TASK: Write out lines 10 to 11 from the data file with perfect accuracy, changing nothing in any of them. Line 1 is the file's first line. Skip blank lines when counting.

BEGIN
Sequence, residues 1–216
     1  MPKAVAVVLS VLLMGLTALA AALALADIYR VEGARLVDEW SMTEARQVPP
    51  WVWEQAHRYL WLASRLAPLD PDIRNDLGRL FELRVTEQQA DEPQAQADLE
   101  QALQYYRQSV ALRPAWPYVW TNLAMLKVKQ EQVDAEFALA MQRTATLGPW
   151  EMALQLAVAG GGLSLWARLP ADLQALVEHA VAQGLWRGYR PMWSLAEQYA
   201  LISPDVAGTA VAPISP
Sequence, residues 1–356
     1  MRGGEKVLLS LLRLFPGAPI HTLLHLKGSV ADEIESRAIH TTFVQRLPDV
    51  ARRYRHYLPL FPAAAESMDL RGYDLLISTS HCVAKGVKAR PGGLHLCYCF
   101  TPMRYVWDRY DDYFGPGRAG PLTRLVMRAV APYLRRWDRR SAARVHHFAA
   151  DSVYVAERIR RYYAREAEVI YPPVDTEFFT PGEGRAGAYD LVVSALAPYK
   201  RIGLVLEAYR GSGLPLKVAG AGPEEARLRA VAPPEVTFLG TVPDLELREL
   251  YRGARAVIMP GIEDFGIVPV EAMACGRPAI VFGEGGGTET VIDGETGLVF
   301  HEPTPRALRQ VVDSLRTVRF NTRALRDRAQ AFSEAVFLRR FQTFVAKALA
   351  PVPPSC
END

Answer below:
   101  TPMRYVWDRY DDYFGPGRAG PLTRLVMRAV APYLRRWDRR SAARVHHFAA
   151  DSVYVAERIR RYYAREAEVI YPPVDTEFFT PGEGRAGAYD LVVSALAPYK